Photographing Raptors

Red-tailed Hawk_SEColorado_LAH_4705fAfter weeks of subfreezing weather, Saturday morning dawned with a promise of warm sunshine and blue skies. As the sun rose, we were already on our way, heading out onto the short-grass prairies. Pikes Peak receded into the rear view mirror. Our focus was on the trees and telephone poles along the road. Seven of us had piled into two cars, bristling with binos and telephoto lenses. It was time to photograph raptors!

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The Return of the Swainson’s Hawks

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It’s time for the changing of the guard. Rough-legged Hawks are on their way to the northern edge of the continent to breed and raise their young in the 24-hour summer sunshine. At the same time, Swainson’s Hawks are on their way back from Argentina in search of an endless summer.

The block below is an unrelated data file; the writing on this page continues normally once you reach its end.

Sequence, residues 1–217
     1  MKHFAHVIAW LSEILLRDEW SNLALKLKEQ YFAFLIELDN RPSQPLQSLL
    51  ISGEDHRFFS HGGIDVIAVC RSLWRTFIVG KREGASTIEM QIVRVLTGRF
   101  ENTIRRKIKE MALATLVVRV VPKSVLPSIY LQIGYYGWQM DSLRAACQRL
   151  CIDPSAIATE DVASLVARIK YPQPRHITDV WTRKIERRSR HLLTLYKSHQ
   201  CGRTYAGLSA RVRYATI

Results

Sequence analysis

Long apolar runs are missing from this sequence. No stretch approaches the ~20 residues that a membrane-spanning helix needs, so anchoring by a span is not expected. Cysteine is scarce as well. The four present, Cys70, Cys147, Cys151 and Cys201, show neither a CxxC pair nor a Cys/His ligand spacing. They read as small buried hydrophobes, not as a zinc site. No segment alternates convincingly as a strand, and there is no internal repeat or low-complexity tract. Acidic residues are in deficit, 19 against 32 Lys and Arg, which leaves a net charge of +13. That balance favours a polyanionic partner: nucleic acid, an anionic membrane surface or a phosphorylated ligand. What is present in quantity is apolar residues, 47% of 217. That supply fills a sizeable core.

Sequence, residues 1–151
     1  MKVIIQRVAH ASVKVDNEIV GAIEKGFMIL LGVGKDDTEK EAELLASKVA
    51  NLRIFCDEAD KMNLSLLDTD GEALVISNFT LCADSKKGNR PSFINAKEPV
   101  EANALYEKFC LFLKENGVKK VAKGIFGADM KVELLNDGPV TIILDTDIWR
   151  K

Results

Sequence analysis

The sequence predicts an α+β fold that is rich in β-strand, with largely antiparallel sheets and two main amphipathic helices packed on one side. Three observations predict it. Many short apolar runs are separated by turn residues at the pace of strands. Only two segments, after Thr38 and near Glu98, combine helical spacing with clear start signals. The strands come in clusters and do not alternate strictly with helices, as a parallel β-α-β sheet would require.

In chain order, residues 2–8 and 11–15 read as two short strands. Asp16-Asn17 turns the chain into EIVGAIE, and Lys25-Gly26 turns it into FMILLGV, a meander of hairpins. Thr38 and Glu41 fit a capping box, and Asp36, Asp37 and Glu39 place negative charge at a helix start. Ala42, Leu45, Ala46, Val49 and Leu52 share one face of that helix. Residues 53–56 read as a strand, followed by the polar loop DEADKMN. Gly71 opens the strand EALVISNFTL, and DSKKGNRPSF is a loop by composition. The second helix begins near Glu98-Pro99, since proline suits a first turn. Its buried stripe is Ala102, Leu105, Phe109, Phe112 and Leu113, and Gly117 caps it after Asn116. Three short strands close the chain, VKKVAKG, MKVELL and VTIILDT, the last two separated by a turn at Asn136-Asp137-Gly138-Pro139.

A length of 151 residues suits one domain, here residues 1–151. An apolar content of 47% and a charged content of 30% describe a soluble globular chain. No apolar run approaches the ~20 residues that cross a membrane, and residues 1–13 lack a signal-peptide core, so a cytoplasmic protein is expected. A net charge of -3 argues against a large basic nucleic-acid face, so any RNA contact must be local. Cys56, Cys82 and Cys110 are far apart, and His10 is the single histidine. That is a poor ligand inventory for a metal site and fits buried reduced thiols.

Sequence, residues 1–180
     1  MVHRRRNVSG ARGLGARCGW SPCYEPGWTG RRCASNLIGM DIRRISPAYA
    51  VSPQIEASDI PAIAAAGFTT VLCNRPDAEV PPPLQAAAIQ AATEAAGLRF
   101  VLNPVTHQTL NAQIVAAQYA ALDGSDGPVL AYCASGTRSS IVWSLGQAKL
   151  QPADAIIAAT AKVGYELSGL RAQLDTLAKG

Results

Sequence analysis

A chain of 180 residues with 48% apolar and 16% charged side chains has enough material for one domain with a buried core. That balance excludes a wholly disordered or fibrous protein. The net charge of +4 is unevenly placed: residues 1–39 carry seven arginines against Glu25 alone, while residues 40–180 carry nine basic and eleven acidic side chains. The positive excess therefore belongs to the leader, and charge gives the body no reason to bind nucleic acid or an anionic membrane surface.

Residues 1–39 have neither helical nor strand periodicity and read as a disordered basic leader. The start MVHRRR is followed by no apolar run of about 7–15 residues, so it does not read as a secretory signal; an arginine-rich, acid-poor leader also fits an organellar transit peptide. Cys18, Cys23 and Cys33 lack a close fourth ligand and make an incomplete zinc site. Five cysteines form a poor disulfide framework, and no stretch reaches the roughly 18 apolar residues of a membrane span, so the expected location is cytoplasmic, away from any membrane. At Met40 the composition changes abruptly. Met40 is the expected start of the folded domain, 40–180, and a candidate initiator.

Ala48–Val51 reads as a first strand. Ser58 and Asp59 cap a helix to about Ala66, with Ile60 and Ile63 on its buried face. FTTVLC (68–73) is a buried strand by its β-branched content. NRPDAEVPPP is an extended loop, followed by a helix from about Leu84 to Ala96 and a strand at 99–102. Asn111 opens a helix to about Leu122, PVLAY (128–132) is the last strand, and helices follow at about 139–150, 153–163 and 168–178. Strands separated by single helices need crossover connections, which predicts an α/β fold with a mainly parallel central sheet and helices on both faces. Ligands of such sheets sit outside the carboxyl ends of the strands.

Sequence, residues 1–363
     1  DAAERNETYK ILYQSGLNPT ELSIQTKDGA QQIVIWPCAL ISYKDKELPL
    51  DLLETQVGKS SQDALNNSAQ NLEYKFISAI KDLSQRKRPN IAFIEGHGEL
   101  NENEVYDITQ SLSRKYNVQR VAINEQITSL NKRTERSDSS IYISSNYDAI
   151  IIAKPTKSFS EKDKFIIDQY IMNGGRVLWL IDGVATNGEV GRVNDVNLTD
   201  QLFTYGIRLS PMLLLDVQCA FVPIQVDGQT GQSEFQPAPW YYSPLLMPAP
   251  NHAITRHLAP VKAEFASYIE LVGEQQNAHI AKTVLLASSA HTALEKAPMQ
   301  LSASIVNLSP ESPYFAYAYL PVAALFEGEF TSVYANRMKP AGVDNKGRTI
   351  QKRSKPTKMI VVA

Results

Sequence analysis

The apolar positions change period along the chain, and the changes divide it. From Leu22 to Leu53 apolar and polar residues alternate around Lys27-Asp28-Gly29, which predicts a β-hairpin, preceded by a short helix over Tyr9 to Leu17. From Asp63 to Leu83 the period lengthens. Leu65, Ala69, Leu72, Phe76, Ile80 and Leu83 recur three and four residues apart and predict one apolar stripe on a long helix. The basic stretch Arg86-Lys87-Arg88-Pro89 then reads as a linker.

Swainson’s Hawks were the first hawks I learned to identify as a fledgling birder. The dark-dark-light pattern of perched birds is easy to remember—dark head and chest, white belly. Plus, the russet cowl is distinctive. Smaller than other Colorado Buteos, their tiny feet allow them to perch on wires whereas other Buteos prefer trees and telephone poles. A friend described the white over their beak as their “searchlight” and the mnemonic stuck. And finally, no other American hawk has pale coverts with dark flight feathers. A soaring bird is instantly recognizable.

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Fieldtrip Re-run

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I’ve gone on this same field trip every year for the past five years. It’s always the first weekend in March. A dozen or so of us follow a series of barely-used back roads out onto the plains, searching for hawks, falcons, and other birds. Some years the snow falls, the wind howls, and the birds hunker on the ground. We see very little. Other years the weather is delightful, and the sky is full of soaring raptors.

The lead car gets the best view. Red-tails and Rough-legged Hawks perch on utility poles, kestrels balance on the wires, and Northern Harriers skim the short-grass prairie. The rest of us eat dust and catch glimpses of the back-ends of startled birds.

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